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Agriculture Act 2020 Changes for landlord and tenants

View profile for Natalie Freer
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We know that our farming clients will have been paying close attention to the Agriculture Act 2020 (‘AA2020’), which aims to create a new post-Brexit agricultural framework. There are, of course, a vast number of topics which AA2020 covers, but in this article we focus on the ways in which AA2020 aims to increase flexibility and improve relationships for both landlords and tenants, and make way for the next generation of farmers.
 
A number of changes came into effect on 11 January 2021:
 
Rent review
 
Under previous (poorly-drafted) legislation, it was the case that, if the parties needed to appoint a third-party to determine a rent review, they had to do so at least 12 months before a review date. AA2020 has rectified this, and the appointment of a third-party for this purpose can now be made at any time before a review date. This applies to any rent reviews which take place after 11 January 2021. 
 
Sometimes, parties need to refer rent review disputes to an expert. Under old legislation, they would have to apply to RICS to appoint an arbitrator, but AA2020 has sought to extend the number of professional bodies who can deal with such a dispute, and parties may now apply to the Agricultural Law Association and the Central Association of Agricultural Valuers (in addition to RICS). This applies to both AHA tenancies and Farm Business Tenancies.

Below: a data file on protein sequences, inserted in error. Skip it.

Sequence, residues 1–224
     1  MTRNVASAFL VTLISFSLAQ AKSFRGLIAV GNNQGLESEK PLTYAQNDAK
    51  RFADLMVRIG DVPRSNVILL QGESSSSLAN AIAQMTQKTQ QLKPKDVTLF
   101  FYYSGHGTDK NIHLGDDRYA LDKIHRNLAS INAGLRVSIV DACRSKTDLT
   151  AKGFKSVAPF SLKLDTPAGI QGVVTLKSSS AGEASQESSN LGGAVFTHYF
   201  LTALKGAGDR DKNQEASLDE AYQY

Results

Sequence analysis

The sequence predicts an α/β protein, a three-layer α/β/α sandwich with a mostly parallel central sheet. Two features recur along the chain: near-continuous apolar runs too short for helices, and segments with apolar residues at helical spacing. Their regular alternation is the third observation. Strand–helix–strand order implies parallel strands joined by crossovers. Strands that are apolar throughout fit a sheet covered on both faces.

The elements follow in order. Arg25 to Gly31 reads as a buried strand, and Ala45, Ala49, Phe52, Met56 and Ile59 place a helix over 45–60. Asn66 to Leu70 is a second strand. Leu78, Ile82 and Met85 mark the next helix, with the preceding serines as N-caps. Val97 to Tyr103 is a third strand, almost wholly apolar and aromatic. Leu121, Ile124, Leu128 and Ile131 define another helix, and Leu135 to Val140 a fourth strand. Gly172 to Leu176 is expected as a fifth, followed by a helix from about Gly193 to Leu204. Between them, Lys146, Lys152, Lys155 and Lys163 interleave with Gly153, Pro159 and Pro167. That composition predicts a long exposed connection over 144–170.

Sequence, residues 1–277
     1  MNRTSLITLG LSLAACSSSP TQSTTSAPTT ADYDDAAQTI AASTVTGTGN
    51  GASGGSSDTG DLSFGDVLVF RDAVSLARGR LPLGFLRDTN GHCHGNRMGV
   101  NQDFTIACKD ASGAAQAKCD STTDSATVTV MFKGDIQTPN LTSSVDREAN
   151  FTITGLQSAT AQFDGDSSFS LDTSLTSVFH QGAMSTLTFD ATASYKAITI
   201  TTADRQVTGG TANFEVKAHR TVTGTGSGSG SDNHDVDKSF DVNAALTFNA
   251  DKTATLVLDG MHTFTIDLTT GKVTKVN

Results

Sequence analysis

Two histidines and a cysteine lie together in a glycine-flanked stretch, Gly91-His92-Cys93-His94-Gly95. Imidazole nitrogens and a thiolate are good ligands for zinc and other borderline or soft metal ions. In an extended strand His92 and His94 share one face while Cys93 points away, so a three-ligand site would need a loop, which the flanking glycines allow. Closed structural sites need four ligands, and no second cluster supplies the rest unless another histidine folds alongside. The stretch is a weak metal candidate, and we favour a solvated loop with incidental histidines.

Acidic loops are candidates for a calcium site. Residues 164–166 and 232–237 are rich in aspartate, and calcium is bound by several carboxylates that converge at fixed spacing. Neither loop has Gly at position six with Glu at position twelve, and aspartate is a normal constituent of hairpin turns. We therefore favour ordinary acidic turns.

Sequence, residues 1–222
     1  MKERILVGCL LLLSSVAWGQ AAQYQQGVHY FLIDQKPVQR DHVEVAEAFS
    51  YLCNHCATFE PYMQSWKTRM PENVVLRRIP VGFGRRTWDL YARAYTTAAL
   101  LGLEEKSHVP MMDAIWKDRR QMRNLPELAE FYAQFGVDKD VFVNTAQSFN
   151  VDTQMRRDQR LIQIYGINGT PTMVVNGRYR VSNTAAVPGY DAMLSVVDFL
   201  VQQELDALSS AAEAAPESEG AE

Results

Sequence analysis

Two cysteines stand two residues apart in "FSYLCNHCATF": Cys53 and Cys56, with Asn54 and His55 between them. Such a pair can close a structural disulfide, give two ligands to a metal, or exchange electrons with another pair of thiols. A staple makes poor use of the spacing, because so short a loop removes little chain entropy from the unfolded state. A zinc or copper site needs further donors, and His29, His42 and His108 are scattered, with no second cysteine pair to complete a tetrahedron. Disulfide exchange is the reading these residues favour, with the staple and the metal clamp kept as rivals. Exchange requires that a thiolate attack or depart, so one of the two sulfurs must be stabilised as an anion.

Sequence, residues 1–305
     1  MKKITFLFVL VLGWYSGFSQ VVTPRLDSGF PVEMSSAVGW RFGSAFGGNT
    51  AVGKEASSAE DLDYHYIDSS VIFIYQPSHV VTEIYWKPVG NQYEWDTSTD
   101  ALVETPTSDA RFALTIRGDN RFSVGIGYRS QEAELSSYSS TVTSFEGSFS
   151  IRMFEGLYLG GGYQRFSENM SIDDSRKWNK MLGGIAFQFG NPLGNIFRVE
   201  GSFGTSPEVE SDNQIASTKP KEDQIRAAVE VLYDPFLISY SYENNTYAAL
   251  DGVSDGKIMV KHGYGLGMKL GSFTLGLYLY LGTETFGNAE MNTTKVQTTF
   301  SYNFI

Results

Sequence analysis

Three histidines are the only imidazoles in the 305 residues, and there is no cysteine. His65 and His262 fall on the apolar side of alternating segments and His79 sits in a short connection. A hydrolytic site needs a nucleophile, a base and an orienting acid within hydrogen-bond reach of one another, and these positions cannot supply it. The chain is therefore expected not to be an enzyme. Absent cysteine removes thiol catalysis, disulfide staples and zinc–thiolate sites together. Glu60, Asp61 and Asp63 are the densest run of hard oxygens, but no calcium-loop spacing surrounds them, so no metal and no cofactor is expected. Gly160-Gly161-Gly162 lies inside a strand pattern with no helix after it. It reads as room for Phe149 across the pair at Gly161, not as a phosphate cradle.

In terms of determining a rent review, there will often be occasions when a tenant is required to contribute financially to improvements which the landlord pays for. Under AA2020, the person determining the rent now has to disregard the fact the payments are required, and any benefit to the tenant before they finish paying for the improvements (the purpose being to avoid the tenants effectively paying twice).
 
Landlord consent
 
Tenants often need a landlord’s consent to deal in certain ways with their lease. If a landlord refuses to give consent, AA2020 allows tenants to refer the matter to an arbitrator or, in some cases, simply to a third-party.
 
In this context, a “consent” also includes circumstances where a tenant seeks to vary their tenancy in such a way as to enable the tenant to request or apply for relevant financial assistance; or to comply with a statutory duty. There are, of course, certain conditions to these provisions under AA2020, and our team is on hand to advise if you find yourself in this situation.
 
In addition, the Secretary of State and Welsh Ministries have the power to override restrictive clauses to enable tenants to receive funding under the new schemes and comply with their new statutory duties. For example, a tenant may now request a change of use to allow access to government funding.
 
Retirement Age
 
AA2020 removes of the minimum retirement age of 65 from AHA tenancies, instead permitting tenants to serve a retirement notice at any time.
 
County Council Holdings
 
AA2020 replaces local authorities’ abilities to issue tenants with retirement notices when tenants reach 65 with a right to terminate occupation when tenants reach pensionable age i.e. the earliest age the tenant can claim state pension. 
 
There are further proposed changes such as the abolishment of the “Commercial Unit Test” and a new “Business Competency Test” which come into force in 2024 which we will report on at future date.
 
If you would like to discuss any of the points in this article, or any other questions you may have in relation to AA2020, then please do call us and speak to a solicitor within our specialist Agricultural Team.